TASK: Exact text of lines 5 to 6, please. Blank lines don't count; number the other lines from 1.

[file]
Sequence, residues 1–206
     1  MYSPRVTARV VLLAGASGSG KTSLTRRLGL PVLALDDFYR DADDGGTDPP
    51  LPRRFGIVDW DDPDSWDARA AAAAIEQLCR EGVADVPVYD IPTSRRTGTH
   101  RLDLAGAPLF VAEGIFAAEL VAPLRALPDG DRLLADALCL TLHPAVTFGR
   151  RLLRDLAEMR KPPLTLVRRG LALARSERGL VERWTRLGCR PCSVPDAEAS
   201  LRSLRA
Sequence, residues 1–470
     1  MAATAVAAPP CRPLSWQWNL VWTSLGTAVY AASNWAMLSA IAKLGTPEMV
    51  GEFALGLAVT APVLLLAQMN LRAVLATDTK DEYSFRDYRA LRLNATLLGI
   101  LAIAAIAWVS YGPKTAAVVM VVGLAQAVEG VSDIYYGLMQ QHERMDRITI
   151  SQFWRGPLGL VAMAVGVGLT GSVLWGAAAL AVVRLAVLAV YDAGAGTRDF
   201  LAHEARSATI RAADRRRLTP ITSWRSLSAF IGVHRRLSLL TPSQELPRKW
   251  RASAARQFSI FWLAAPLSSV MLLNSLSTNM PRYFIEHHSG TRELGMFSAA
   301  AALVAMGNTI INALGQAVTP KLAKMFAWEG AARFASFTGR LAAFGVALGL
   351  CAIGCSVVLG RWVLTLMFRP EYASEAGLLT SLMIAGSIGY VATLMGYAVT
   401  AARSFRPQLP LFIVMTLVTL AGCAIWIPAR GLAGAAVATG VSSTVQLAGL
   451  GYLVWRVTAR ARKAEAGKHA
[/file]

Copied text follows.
   151  RLLRDLAEMR KPPLTLVRRG LALARSERGL VERWTRLGCR PCSVPDAEAS
   201  LRSLRA